Testing a new drug for advanced cancer or lymphomas

Recruting new patients

Select region:

Navigation:

    What is this study about?

    In this research, the researchers are testing a new drug called OSE-279 that might help fight cancer. The researchers are looking for people who have very advanced forms of cancer, like tumors or lymphoma, which are not responding to other treatments. This study has two main parts. First, it is important to try to find the right dose of the drug that is safe but also effective. Then, the researchers expand the trial with more people to see how well it works. Main measurements are how much the cancer shrinks (responses), how long it stays like that (response duration), to evaluate the drug’s effectiveness.

    Learn more about this Trial

      I accept the Terms of Use and Privacy Policy*

       I consent to the Service Operator sending commercial information*

      I consent to the Service Operator using telecommunications terminal devices and automatic calling systems in marketing communications*

      Success

      Your form submitted successfully!

      Error

      Sorry! your form was not submitted properly, Please check the errors above.

      Locations

      Where does the clinical trial take place?

      Anderlecht , Belgium

      Lyon , France

      Rennes , France

      Saint-Herblain , France

      Toulouse , France

      Villejuif , France

      You can join this study in:

      Study Steps

      How Complex Will My Study Be and What Phases Will I Go Through?

      In this clinical trial, patients need to take the drug OSE-279 at one of the following dose levels:

      1. 100 mg – Dose Level 1
      2. 300 mg – Dose Level 2
      3. 500 mg – Dose Level 3

      Each dose level corresponds to an experimental arm of the study, and OSE-279 is described as a human IgG4 monoclonal antibody against PD-1. Unfortunately, the document does not specify the frequency or period over which the drug should be taken. For more detailed information regarding the schedule and administration, I will need to continue searching or browse through a broader section of the document. Would you like me to find more details on the administration schedule for the drug?


      Diseases Under Investigation

      What Conditions Qualify Me for This Study?

      To join the study, you need to have one of the following types of diseases:

      1. Advanced solid tumors or lymphomas for which an anti-PD-1/PD-L1 therapy has shown efficacy, such as those with high microsatellite instability (MSI-H), but is not available in the center or country.
      2. Rare tumors with reported significant activity of anti-PD-1, for example, Tertiary Lymphoid Structures positive (TLS+) sarcomas, alveolar soft part sarcomas, etc.
      3. PD-L1 positive tumors.

      These are the disease criteria that make you eligible to participate in the study.


      Terms and conditions

      What Requirements I Have to Meet To Join This Study?

      When Am I Eligible to Join the Study?

      The conditions you must meet to join the study, along with explanations of the medical terms, are as follows:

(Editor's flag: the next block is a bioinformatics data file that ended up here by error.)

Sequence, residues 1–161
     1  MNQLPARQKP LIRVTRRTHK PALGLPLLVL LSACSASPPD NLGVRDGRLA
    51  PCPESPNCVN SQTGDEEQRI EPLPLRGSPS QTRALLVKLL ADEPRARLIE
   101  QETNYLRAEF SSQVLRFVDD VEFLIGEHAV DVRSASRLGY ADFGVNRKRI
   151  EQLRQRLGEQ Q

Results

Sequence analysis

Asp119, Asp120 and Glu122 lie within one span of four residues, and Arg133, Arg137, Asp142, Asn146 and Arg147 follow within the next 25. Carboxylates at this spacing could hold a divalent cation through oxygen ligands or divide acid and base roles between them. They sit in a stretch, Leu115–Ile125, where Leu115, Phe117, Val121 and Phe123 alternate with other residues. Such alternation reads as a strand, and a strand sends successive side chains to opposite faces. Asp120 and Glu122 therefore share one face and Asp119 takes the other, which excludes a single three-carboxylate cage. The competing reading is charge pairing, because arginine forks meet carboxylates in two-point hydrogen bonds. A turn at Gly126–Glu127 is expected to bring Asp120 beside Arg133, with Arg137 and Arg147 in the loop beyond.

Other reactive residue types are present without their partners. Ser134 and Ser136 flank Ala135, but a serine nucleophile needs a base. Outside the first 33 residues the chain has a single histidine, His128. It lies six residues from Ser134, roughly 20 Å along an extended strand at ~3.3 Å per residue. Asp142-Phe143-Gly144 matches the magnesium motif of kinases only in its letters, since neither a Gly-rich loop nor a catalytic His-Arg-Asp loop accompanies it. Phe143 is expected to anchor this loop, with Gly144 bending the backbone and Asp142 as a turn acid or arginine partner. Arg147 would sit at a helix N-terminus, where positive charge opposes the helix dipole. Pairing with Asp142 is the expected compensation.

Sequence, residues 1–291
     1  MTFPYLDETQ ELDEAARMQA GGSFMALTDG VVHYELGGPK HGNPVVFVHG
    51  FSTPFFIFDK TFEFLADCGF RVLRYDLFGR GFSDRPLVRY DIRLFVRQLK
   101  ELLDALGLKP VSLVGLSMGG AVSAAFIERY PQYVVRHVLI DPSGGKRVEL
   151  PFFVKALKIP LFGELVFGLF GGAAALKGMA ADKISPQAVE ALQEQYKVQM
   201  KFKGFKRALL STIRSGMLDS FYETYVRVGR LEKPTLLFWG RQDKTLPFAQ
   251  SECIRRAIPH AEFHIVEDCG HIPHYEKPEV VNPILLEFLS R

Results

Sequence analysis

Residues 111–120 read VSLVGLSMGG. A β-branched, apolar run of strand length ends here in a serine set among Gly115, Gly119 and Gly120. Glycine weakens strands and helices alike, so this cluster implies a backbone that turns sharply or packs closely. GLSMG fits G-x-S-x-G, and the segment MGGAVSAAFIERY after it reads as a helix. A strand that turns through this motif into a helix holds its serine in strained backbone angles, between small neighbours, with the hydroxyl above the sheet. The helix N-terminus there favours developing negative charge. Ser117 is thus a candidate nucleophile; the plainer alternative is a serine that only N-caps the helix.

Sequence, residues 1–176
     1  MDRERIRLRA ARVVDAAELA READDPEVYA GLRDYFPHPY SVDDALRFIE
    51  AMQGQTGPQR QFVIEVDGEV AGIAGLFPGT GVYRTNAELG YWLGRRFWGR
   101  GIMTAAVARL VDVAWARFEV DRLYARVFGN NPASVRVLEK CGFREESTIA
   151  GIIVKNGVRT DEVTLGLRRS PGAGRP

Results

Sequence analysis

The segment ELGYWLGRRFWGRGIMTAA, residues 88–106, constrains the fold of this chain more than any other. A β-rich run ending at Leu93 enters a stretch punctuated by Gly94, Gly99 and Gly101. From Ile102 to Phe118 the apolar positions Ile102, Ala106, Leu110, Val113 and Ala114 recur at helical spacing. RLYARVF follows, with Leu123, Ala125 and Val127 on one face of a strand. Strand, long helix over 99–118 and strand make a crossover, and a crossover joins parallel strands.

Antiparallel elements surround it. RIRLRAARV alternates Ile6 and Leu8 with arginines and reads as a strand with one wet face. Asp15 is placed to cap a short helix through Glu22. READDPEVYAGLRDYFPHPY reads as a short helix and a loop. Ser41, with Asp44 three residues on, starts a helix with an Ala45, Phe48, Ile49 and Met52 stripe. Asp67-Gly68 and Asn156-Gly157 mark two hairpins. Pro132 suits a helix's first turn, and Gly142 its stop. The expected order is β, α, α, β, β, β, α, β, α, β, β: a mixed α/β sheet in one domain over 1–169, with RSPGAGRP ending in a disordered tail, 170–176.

Inclusion Criteria:

      1. Age and Gender: You must be an adult patient, either male or female.
      2. Informed Consent: You must have signed and dated the informed consent form prior to any trial-specific procedures. Furthermore, you should be able and willing to comply with study visits and procedures as per the study protocol.
      3. Performance Status: You must have an Eastern Cooperative Oncology Group (ECOG) performance status of 0-1. The ECOG scale is used to assess how a patient’s disease is progressing, how the disease affects the day-to-day abilities of the patient, and to determine appropriate treatment and prognosis. A status of 0 means fully active without restriction, whereas a status of 1 indicates some restriction in physically strenuous activity but ambulatory and able to carry out work of a light or sedentary nature.
      4. Tumor Type: You must have one of the following types of tumors:
        1. Advanced solid tumors or lymphomas where an anti PD-1/PD-L1 has shown efficacy, such as tumors with high microsatellite instability (MSI-H), but this treatment is not available in the center/country.
        2. Rare tumors with reported significant activity of anti-PD-1, for example, Tertiary Lymphoid Structures positive (TLS+) sarcomas or alveolar soft part sarcomas.
        3. PD-L1 positive tumors. PD-L1 is a protein that, when present on the surface of cancer cells, can help them avoid the immune system.
      5. Prior Treatment: You must have received at least one line of systemic therapy and there should be no standard of care available for your condition.
      6. Disease Evaluation: You must have evaluable or measurable disease according to RECIST 1.1/RECIL. RECIST stands for Response Evaluation Criteria in Solid Tumors and is a set of published rules that define when cancer patients improve (“respond”), stay the same (“stable”), or worsen (“progress”) during treatments.
      7. Adequate Organ Function: Your organ functions should be adequate, as detailed below:
        1. Bone marrow function: Neutrophils ≥ 1.5 x 10^9/L, Hemoglobin ≥ 90 g/L, Platelets ≥ 100 x 10^9/L.
        2. Renal (kidney) function: Serum creatinine ≤ 1.5 times the upper limit of normal (ULN) or CKD-EPI creatinine clearance ≥ 30 mL/min. CKD-EPI is an equation to estimate kidney function.
        3. Liver function: AST (aspartate aminotransferase) and ALT (alanine aminotransferase) ≤ 3 times ULN and bilirubin ≤ 1.5 times ULN. In the case of liver metastasis, AST and ALT ≤ 5 times ULN. For patients with Gilbert’s syndrome, total bilirubin ≤ 3 times ULN or direct bilirubin ≤ 1.5 times ULN.
      8. Social Security System: You must be affiliated to a social security system or an equivalent system, if applicable as per local regulations.